When (0.5g) of propane is burned, the heat produced is used to raise the temperature of (100cm3) of water from (20°C to 40°C), calculate the enthalpy change for the reaction.
In this example, you are measuring the heat change indirectly. You measure the rise in temperature of the water. The temperature change in the water as it gets hotter will help you calculate the enthalpy change of the methane as it is burned. This method isn’t very accurate because some heat is lost to the environment (not all goes to the water) and the loss isn’t recorded. But for a small experiment held in the laboratory, this is an effective method.
q = m • c • Δt
Note: The “•” sign centered on the cap height is used interchangeably with the “x” sign to indicate multiplication.
Step 1: m = mass of water
- The density of water is 1 g/cm3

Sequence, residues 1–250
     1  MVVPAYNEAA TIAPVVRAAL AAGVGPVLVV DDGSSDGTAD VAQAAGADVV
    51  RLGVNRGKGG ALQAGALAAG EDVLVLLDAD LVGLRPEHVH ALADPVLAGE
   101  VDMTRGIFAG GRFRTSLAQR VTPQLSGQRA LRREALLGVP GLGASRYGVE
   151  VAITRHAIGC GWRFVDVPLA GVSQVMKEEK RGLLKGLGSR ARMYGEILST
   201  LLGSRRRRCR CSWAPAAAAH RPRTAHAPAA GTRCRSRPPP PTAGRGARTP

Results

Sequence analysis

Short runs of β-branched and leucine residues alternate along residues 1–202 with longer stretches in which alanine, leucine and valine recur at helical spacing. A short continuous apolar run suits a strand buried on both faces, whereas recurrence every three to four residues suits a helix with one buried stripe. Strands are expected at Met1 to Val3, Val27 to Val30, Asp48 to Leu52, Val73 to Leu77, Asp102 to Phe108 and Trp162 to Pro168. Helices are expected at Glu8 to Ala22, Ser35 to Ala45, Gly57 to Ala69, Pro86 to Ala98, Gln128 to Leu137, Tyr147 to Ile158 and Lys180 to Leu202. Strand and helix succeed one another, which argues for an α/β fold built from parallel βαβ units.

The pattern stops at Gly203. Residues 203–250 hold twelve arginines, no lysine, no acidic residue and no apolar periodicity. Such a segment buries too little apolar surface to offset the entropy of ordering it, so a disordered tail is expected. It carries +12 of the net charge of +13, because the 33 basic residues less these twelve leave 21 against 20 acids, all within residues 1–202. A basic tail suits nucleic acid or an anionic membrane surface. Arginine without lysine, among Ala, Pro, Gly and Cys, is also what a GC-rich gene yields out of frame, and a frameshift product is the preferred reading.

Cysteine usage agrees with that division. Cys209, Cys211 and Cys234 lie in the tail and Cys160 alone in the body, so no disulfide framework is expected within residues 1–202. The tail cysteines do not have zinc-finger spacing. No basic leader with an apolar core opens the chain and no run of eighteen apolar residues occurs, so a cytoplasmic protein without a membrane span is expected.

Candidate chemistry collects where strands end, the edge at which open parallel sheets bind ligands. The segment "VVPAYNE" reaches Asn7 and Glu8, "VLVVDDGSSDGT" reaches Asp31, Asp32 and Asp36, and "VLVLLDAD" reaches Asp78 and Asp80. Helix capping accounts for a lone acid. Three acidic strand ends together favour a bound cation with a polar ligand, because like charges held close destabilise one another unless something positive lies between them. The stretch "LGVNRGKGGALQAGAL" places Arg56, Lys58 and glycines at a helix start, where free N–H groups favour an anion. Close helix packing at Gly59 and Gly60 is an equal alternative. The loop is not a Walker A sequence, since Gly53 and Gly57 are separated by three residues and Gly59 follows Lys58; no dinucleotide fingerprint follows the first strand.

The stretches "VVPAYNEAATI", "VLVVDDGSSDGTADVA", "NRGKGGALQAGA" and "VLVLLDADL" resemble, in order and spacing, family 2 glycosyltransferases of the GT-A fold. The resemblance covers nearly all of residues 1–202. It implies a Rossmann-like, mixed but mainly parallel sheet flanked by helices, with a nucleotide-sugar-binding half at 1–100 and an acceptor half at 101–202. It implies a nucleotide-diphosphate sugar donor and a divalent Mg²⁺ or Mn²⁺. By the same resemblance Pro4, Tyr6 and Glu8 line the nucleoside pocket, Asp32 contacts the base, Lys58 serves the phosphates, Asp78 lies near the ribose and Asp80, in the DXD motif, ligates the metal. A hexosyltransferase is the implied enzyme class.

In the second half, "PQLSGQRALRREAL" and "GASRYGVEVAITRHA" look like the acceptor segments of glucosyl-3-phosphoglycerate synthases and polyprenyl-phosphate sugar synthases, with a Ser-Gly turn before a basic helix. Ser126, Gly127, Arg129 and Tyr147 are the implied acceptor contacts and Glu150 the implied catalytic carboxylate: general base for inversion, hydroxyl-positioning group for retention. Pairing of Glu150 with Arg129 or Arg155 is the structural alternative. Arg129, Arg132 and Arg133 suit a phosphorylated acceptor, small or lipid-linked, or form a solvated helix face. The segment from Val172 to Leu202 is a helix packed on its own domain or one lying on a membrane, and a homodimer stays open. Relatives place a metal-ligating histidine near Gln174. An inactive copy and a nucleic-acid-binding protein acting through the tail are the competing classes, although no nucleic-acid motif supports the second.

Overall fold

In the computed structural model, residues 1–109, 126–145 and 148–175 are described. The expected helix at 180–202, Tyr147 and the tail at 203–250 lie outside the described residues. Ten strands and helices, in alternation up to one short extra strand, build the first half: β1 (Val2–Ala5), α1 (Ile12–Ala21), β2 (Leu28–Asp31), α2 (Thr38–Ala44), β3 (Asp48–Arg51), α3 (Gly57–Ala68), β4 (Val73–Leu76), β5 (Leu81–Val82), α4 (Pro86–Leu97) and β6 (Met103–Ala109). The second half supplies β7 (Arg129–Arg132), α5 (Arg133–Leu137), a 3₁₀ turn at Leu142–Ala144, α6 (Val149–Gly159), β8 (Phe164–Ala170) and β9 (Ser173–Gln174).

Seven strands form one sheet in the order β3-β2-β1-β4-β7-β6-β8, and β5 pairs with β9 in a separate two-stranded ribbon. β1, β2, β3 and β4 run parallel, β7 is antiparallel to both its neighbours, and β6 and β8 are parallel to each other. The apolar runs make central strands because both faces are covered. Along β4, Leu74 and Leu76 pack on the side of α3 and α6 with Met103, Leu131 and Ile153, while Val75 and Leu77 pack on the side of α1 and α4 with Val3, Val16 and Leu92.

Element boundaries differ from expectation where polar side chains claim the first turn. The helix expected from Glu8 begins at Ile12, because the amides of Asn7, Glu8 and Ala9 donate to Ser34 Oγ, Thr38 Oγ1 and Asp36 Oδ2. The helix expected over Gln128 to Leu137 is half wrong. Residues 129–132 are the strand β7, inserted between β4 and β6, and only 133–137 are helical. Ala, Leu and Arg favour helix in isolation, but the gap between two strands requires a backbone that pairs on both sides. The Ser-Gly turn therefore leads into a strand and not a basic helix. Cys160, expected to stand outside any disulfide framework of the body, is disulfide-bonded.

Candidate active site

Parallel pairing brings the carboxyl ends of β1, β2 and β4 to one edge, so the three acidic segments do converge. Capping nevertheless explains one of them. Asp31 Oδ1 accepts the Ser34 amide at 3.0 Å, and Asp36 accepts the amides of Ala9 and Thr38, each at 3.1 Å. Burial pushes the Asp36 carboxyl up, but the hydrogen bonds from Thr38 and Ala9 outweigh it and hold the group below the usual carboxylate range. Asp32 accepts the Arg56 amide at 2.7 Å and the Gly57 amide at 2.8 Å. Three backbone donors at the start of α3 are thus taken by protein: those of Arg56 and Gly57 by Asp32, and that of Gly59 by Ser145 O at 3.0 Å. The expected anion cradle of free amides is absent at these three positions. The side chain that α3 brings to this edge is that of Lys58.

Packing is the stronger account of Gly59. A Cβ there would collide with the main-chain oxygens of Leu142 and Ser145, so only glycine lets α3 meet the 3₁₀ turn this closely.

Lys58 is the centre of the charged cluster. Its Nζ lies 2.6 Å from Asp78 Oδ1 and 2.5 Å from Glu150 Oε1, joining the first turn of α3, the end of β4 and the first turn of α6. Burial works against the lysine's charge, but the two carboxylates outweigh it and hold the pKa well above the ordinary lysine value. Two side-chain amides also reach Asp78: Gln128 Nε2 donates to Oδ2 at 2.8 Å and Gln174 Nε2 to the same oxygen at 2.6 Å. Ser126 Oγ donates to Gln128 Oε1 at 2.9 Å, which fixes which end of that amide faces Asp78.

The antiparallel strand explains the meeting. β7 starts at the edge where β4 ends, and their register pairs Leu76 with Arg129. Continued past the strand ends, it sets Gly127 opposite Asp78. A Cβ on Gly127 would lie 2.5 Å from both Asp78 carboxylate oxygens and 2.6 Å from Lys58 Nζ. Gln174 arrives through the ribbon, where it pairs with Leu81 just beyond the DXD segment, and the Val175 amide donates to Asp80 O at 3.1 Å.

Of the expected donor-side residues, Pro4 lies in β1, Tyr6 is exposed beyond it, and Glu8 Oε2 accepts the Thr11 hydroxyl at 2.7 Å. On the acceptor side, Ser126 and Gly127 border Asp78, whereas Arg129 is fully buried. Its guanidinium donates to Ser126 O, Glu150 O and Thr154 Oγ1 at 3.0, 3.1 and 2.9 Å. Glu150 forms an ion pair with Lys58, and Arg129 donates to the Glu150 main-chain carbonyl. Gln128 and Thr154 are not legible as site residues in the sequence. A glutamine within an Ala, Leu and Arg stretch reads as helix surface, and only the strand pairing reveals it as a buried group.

- Mass of 100 cm3 of water = 100g
Step 2: C = specific heat capacity of water (c)
- That means that it takes 4.18 joules to increase the temperature of 1 gram of water by 1 K (or 1°C)
- This value can be memorized or should be given to you in the test or exam
Step 3: Δt = change in temperature
- Δt = 40°C – 20°C = 20°C
Step 4: Apply calculation
- Equation q = m • c • Δt
- q = 100 g x 4.18 j/g°c x 20°c = 8,360 j or 8.40 k
Step 5: Divide by the number of moles to get molar enthalpy change of the propane gas reaction
- Moles of propane = Mass ÷ Molar Mass
- 0.5 ÷ 44 = 0.1135 moles
- ∆H / mol = 8.4 ÷ 0.01136 = 739 kJ/mol
Step 6: ΔH is defined as the heat flow at constant pressure. The heat absorbed or released at constant temperature is equal to ΔH, the relationship between heat (q) and ΔHrxn is:
- ΔHrxn = − m • c • Δt= -739 kJ/mol(rxn)
- rxn means reaction
- The heat is given off by the propane and absorbed by the water
- The reaction for propane is negative — exothermic — because heat is given off